patients in terms of social and occupational function and quality of
To provide a context for this intervention, a selective review of
life.[3] In patients with schizophrenia, deviation from maintenance
antipsychotic therapy risks exacerbation of psychosis, increased traditional medical and psycho-educational approaches to
clinic and emergency room visits, and rehospitalization. Even non-adherence is provided along with a brief overview of cogni-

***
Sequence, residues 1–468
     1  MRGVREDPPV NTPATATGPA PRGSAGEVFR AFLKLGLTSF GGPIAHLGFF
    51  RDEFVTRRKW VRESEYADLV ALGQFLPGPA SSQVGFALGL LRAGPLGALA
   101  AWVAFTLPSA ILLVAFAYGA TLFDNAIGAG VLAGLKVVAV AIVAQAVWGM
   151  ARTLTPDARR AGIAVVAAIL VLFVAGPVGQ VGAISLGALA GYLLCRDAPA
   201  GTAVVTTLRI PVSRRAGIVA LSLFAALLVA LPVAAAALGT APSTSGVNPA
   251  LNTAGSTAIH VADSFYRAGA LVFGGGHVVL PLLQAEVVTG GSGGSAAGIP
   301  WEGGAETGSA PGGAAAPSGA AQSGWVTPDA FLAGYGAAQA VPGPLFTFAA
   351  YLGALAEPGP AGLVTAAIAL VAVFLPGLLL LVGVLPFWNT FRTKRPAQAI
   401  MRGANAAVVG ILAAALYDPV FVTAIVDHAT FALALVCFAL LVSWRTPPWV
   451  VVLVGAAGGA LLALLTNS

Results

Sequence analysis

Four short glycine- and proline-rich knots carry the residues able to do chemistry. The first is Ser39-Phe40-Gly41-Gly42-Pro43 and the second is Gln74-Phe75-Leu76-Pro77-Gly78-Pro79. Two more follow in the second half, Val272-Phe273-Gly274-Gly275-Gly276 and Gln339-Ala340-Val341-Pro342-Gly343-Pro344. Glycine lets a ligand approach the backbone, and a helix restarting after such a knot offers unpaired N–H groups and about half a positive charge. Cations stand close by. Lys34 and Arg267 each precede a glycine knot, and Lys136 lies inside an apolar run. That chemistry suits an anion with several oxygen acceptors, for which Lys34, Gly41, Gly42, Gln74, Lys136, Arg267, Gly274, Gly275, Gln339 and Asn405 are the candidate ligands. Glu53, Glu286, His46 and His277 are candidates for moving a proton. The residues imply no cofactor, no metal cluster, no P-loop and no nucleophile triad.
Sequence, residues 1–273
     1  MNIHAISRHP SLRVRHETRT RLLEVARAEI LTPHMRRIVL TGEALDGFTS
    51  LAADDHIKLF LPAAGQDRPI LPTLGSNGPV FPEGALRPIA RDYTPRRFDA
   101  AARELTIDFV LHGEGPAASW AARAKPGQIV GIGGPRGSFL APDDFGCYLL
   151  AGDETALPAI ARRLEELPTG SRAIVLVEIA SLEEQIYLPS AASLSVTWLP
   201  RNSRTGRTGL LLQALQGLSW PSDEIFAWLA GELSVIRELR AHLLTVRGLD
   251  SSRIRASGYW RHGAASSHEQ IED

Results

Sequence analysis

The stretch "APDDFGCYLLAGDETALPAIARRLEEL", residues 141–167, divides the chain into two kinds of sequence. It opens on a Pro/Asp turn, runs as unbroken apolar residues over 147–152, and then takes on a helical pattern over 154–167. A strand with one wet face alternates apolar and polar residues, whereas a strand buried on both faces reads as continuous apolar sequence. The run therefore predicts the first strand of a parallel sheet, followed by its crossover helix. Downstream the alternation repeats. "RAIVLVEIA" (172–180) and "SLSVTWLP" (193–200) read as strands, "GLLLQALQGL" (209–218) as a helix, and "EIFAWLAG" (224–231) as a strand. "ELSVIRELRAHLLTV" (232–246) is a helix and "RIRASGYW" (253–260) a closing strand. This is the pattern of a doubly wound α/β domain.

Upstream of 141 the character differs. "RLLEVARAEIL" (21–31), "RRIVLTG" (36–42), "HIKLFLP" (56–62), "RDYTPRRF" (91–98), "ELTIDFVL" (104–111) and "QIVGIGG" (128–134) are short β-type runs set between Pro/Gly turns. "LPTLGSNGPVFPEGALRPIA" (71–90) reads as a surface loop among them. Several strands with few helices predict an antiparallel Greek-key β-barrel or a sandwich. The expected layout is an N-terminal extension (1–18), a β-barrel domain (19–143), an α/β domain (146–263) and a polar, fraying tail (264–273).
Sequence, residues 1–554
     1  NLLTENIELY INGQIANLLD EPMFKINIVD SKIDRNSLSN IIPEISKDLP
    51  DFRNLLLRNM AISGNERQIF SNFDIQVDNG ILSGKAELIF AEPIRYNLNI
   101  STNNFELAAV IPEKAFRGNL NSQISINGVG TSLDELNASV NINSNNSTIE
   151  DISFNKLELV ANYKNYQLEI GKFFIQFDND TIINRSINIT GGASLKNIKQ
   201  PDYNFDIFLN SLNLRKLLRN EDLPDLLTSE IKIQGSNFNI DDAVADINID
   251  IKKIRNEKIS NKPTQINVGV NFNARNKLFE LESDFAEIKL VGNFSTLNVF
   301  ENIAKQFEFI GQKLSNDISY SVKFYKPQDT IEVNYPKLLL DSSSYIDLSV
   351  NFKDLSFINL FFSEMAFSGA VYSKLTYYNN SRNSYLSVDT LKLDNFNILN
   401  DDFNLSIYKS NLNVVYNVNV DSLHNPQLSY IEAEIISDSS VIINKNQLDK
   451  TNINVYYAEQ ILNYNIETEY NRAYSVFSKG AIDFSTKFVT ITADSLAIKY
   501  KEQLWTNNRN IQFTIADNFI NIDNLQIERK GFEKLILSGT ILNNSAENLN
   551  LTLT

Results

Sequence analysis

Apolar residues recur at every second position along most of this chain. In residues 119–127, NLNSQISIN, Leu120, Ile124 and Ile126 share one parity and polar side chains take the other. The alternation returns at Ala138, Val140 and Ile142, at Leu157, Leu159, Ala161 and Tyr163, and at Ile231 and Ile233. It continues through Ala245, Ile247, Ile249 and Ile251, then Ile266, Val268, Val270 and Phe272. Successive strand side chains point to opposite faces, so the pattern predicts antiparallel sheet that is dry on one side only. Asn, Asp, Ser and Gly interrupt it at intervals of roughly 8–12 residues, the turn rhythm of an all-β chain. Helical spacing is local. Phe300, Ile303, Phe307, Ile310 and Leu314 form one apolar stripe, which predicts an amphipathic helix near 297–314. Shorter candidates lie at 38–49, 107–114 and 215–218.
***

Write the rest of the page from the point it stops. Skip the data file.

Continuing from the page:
more detrimental to patients is the abuse of substances instead of tive theories of treatment adherence. Finally, the existing evidence
adherence to prescribed medication, which has, for example, been
is discussed as to whether this more recent approach may be
associated with violent behavior.[4]
Over the past ten years, there has been an explosion of interest considered an improvement on traditional approaches to combat-
in how medication adherence might be improved using a variety of ing the world’s ‘other’ drug problem.